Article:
Providence Business News (PBN) – November 24, 2023 – December 7, 2023 Issue

In this article, CEO Gian Gentile shares his thoughts on the rise in crime during the holiday season.

Digital copy –

Providence Business News, SecurityRI feature - Shop owners bracing for theft before holidays.

Article from Providence Business News:

Stressed about the holidays already? You’re not alone.

Every year, shop owners not only worry about stocking shelves with the right products, they also need to make sure those products don’t leave the store without being paid for.

Seth Margolis, owner and president of Fifth Ward Liquor Inc. on Thames Street in Newport, says his store was hit three separate times last winter by the same shoplifting woman who allegedly had embarked on a spirited spree throughout the city.

“One of my guys chased her down the street the last time,” he said. “After that, she must have thought, ‘Now they are on to me.’ ”

Margolis keeps the pricier products such as high-end champagne, wines and spirits locked in display cases and relies on security cameras that record both inside the store and the parking lot. He can’t dedicate a staffer solely to loss prevention during the holidays, so he’s trained employees to stay vigilant, particularly when large groups enter.

According to the 2023 National Retail Survey, retail theft is now a $100 billion business after factoring in product costs, insurance, increased price of goods and unrealized wages. Close to half of retailers surveyed said they increased loss-prevention budgets in 2022 and 58% of them said their security personnel are allowed to “confront and detain” shoplifters.

In Rhode Island, where 25% of jobs are supported by the retail industry, shoplifting crimes have ticked up, with most reported incidents on a statewide basis happening between October and February.

Margolis thinks the reason shoplifting increases during that time is the arrival of vacationing thieves on holiday from out of town.

“They feel like, ‘They are never going to know who I am,’ ” he said. “But it could be anybody. A young kid or an elderly person.”

Another trend is the rise in organized retail theft, the coordinated theft of merchandise for reselling.

“They come in groups and will usually try and spread out the staff,” Margolis said. “They’ll ask you questions about this or that while someone else tries to put something in a bag.”

According to bank holding company Capital One Financial Corp., Rhode Island retailers lost $244 million in revenue to theft in 2022, amounting to $17.1 million in forgone state tax revenue. Retailers also lost $18.6 million to fraudulent returns.

Theft of more than $1,500 is a felony in Rhode Island, but the state is among 18 that have not enacted legislation specific to organized retail crime.

Less than half of retail thefts end in a successful prosecution, according to data provided to the R.I. State Police’s Uniform Crime Reporting Unit. Statewide, there were 1,449 reported shoplifts in 2022. So far in 2023, there have been 1,466 incidents, a majority from department stores, shopping malls and “specialty shops.”

Providence has seen a decline in reported retail thefts and arrests year over year. In 2022, the city had 225 reported shoplifting offenses. There have been 183 so far this year.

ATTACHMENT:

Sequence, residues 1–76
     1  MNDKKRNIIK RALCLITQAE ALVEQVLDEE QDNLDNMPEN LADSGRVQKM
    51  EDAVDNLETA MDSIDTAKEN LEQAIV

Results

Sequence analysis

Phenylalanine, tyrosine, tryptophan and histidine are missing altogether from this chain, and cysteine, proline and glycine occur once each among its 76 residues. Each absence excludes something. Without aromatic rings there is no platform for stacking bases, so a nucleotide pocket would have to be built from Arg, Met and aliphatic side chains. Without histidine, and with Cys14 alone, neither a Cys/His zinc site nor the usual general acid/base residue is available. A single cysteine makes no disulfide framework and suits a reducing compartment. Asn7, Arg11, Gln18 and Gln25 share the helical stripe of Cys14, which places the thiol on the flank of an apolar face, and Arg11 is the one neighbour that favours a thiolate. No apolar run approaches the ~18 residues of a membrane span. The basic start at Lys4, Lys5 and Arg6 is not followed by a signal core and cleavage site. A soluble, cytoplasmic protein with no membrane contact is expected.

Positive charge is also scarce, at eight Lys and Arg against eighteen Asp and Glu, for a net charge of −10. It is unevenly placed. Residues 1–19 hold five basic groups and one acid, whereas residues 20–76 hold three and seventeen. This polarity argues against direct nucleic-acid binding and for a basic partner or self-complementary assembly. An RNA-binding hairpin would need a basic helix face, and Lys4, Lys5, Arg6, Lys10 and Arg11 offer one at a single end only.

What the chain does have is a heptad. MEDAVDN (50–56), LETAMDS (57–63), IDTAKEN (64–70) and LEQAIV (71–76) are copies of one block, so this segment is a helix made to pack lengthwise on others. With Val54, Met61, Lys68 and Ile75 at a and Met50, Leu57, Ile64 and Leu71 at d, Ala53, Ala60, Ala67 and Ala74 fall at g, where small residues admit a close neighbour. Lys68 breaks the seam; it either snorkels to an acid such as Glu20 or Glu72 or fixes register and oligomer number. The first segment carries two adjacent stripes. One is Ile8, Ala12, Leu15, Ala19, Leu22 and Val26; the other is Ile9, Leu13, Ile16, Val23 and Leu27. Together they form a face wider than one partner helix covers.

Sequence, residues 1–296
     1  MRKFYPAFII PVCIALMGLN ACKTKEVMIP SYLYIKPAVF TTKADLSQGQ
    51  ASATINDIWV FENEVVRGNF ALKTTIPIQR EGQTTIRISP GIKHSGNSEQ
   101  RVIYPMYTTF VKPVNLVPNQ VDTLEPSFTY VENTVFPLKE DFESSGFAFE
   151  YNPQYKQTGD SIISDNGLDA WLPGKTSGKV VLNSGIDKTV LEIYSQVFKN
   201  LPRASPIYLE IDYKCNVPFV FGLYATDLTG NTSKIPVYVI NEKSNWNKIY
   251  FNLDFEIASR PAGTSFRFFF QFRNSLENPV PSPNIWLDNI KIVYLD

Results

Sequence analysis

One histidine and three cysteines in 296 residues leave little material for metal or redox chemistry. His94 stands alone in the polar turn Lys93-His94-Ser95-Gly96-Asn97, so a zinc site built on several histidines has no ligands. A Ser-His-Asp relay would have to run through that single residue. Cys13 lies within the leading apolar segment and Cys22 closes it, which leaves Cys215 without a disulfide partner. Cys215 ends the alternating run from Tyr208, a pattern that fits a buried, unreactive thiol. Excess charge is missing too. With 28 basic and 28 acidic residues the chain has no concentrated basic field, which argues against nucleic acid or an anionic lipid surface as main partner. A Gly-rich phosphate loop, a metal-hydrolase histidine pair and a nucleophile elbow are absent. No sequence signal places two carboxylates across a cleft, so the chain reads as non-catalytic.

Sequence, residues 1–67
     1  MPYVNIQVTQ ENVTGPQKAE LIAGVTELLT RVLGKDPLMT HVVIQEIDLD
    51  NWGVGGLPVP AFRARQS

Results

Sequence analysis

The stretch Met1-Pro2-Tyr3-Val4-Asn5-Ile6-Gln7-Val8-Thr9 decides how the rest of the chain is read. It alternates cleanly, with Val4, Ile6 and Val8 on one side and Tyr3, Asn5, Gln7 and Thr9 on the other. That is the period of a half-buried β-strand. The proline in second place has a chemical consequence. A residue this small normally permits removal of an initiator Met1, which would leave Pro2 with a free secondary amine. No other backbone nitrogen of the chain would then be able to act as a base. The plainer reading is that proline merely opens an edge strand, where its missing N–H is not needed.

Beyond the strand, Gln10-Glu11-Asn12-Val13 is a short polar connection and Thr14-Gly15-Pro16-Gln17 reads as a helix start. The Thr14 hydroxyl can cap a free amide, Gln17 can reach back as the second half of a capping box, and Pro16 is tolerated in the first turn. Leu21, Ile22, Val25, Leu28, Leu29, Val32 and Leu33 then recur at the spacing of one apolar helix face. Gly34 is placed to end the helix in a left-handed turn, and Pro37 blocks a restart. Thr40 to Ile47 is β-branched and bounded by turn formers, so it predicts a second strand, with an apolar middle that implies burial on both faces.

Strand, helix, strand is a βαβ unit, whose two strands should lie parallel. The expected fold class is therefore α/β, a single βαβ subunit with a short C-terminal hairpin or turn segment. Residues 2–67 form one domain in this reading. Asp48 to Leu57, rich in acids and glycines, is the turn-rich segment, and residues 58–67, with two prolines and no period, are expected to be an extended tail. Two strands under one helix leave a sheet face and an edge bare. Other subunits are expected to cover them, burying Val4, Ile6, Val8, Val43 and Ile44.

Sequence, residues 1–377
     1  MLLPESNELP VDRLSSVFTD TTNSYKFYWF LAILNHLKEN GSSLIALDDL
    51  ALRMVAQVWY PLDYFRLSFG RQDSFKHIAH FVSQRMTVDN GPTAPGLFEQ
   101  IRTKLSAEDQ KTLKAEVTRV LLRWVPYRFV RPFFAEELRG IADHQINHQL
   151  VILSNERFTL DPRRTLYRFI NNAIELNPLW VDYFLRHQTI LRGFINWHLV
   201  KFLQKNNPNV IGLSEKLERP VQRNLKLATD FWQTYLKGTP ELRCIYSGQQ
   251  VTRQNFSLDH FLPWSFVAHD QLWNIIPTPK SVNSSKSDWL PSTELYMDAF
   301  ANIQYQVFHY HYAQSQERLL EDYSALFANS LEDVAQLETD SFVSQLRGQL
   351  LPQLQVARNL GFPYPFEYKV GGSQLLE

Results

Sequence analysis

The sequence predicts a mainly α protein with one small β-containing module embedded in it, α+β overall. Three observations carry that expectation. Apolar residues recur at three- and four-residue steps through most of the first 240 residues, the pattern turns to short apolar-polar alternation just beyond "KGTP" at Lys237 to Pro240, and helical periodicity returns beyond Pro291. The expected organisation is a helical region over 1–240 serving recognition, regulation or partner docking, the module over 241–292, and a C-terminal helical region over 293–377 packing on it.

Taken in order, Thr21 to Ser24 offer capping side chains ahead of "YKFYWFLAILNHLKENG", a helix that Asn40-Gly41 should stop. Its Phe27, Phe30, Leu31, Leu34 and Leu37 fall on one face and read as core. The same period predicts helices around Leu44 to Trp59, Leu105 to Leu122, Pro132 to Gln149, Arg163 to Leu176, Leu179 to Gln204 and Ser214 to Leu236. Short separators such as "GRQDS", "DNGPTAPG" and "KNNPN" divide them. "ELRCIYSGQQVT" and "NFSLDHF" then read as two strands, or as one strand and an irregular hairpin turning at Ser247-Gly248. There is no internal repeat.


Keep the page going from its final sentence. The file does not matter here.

Josh Estrella, spokesperson for Mayor Brett P. Smiley, says shoplifting incidents often go unreported.

“It is important to note that sometimes in these cases, the retailers will often make an insurance claim instead of engaging Providence police,” he said.

However, shoplifting incidents this year have already surpassed 2022 levels in some cities, including Cranston, which had 166 reported shoplifting incidents in 2022 compared with 173 so far in 2023. Pawtucket’s data shows 81 in 2022 and 94 this year. Incidents in Newport have almost doubled over 2022, and shoplifting thefts have eclipsed last year’s numbers in North Providence, East Providence and ­Barrington.

The national survey shows investments in security spending are projected to increase 28% by 2026. Businesses that can afford the expense often hire temporary private security details.

Gian Gentile, CEO of, says the bulk of his company’s business remains providing private security guards to businesses. But the company also sells and installs security equipment, which has advanced since the days of grainy video footage.

Gentile predicts the use of artificial intelligence in retail security will increase as the technology advances and costs decline. SecurityRI provides cameras that can pick up faces, behaviors and certain clothing, and can start tracking someone from outside in a parking lot and follow them around until the moment they exit.

“It’s getting extreme the levels of intelligence,” he said. “Instead of looking through hours and hours of footage, you can search anything instantly.”

The technology will be particularly useful to combat organized retail crime.

“These groups seem like professionals,” Gentile said. “They can work in under a minute.”

Gentile says the mere presence of security guards can serve as a deterrent, especially during the holiday season. For retail jobs, SecurityRI has a “hands off” policy unless in self-defense. Guards refrain from physically apprehending shoplifters.

“It just makes it feel like a safer environment,” he said. “And for small boutiques and retail shops, it’s good to have that additional presence. We are the eyes and ears and help reduce the risks as much as possible.”

(Thank you Providence Business News for the feature!)